Authors of the ‘Industry’ show about the true stories that inspired the HBO show.


The industry comes to HBO this November and tells the story of a series of new hires at a London investment bank in the world after the global financial crash. The show, which begins on Monday 9th November on HBO and on 10th November on the BBC, was created by Mickey Down and Konrad Kay, who both have experience working for an investment bank before being inspired by their experiences to create this new show.

In his speech to Washington Newsday, Down said: “Me and Konrad have been writing together for six years. We met at the university. We both had a fairly short career in finance before we decided to write together.

“We were working with the Bad Wolf production company on another project when their CEO, Jane Tranter, found out that two people who used to work in finance were working for them. She said, ‘Have you ever tried to do a show about it? And we told her we had [but it]was just disastrous, considering how bad it was.

And she said, “And she said, ‘Have you ever thought of writing about your experiences? Did you ever think about writing about the people at the bottom?’, and that was the kind of key that unlocked the program.

Down himself worked in the department where we see Gus (played by David Jonsson) working in the first episode of Industry, which he described as “the quieter, nighttime culture, mergers and acquisitions part of the business.

This experience has led directly to what the show looks like, with a more diverse cast than audiences can expect from a financial industry often portrayed on television and film as “male, pale and stale”.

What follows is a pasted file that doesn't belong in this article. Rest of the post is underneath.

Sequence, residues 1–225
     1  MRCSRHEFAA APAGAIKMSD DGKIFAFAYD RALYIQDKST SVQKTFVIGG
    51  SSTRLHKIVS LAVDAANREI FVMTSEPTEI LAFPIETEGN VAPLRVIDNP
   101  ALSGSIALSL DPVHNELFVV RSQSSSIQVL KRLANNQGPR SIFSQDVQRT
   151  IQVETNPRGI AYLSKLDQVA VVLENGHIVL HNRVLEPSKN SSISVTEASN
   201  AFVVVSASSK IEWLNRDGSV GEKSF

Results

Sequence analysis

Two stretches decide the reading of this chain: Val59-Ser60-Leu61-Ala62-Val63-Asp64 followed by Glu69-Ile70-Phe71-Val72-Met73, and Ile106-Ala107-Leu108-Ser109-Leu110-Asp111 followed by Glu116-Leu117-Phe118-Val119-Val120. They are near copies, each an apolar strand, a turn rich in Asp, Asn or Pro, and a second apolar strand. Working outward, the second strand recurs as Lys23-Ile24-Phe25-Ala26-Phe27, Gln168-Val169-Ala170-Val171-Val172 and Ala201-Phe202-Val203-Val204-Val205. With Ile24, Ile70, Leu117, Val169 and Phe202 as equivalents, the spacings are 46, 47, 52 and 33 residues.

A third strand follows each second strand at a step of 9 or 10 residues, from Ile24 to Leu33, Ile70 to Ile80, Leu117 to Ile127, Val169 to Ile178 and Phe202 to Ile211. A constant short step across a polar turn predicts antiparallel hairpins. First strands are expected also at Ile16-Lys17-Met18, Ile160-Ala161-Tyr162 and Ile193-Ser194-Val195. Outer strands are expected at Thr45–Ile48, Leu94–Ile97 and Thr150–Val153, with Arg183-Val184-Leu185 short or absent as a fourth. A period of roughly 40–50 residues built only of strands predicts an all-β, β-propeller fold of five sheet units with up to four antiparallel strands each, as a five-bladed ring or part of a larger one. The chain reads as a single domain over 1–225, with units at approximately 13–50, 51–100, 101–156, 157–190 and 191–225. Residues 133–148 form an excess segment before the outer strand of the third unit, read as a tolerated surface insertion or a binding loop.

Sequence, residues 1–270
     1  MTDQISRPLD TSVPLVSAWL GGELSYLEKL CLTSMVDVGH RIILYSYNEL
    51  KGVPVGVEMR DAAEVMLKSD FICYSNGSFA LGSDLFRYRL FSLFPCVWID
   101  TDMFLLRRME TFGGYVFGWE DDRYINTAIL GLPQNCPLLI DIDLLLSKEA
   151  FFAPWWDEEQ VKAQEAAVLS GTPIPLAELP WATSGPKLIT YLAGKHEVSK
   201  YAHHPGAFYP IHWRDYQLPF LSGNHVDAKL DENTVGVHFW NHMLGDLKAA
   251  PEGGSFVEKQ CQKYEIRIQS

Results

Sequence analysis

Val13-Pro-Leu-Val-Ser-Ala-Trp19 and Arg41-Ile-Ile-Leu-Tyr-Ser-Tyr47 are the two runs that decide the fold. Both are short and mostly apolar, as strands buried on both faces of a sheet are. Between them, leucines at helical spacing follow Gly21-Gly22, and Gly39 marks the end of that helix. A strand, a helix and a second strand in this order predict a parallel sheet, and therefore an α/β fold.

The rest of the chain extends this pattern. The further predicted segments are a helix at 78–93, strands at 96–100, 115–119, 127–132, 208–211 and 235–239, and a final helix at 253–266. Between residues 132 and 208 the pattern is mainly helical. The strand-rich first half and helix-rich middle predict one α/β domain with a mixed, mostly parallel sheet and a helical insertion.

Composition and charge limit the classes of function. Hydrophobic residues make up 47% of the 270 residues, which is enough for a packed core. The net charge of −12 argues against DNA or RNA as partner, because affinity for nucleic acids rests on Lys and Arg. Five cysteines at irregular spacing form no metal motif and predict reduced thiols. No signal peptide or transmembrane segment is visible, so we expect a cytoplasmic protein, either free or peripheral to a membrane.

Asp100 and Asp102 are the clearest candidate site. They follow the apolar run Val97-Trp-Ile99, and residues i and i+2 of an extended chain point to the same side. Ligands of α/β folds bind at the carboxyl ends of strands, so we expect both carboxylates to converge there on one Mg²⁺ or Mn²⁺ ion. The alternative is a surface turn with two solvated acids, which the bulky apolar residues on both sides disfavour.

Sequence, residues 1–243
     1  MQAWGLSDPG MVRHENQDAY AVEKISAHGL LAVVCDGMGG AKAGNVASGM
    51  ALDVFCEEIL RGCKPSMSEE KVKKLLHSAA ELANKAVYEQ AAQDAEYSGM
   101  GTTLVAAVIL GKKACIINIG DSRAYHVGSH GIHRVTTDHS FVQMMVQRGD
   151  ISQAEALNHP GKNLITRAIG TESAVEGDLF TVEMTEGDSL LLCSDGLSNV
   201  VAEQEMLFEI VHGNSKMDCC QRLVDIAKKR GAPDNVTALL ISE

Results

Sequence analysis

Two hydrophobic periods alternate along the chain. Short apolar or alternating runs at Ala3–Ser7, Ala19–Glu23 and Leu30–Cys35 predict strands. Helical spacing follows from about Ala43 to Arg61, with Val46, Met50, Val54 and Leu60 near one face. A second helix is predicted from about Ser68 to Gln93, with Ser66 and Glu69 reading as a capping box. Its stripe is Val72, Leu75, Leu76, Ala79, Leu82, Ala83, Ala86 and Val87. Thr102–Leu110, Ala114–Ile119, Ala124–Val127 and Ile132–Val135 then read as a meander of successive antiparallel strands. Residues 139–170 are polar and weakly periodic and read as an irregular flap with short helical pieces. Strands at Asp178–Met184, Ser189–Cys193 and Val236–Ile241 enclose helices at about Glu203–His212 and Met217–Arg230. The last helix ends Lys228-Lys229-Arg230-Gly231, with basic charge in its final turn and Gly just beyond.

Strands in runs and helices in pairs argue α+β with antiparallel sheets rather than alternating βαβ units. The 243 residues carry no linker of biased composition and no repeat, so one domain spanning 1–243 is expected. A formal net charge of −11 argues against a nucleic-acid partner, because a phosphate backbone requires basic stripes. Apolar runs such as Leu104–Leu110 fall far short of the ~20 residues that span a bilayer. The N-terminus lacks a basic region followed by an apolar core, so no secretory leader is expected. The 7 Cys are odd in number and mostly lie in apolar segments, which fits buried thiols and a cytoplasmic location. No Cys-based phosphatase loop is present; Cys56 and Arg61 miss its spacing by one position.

“You would expect these places to be full of heterosexual white men [but]in my experience, these places are quite different… they are international places, and then people from all over the world come to them. So they are a little bit more multicultural than you might think.

The show is also one of the first financial dramas to focus on gay characters. Kay said about it: “In my experience, homosexuality in banking is like professional sports from everywhere, because it is one of the few places that is still a little bit in decline in terms of the number of people who feel comfortable outside.

Although they worked in finance, they also brought in a consultant from Morgan Stanley to ensure that the jargon-laden dialogue was correct. Kay explained, “For me and Mickey, it was very important that everything that happened on a numerical level was absolutely spot-on, so we basically used this guy as a kind of back-up.

“For me and Mickey, it was very important that a financial professional could watch this show. Even if it’s just a tiny percentage of the audience, they can say, ‘Oh wow, a little sensational, a little exaggerated, but the essence of the world is almost completely right’.

The couple also made the decision not to spoon-feed the audience when it comes to the industry’s use of financial jargon – there’s no Margot Robbie in the bathtub here explaining any tricky terminology.

Explaining why this was important to her, Down said, “If we had gotten away with it, we would have had an even more obscure language! We always thought that as long as you could understand the emotions behind what was happening, people would leave the technical language to you.

“We also thought that we never wanted to talk down to the audience. We also thought that listeners prefer to feel like they need to catch up a little more than they feel like they’re being spoon-fed.

With all these efforts being made to keep the industry as close as possible to the real industry, HBO viewers may be surprised that the show was not filmed on a real trading floor in London’s financial district, but in Wales, near the place where HBO filmed a very different show, which will be broadcast on the same night on the station this fall: His Dark Materials.

“The production company Bad Wolf, which produced the show, has its own studio space in Wales, where it also filmed Discovery of Witches and His Dark Materials,” Kay explained. “So we had this huge, basically airplane hangar-sized room, and we spent a considerable part of our budget building a kind of trading floor on a perfect replica scale.

“Me, Mickey and the production designer were obsessed with trying to make it so that retail floors were very dirty places with very full desks, food everywhere and always full containers.


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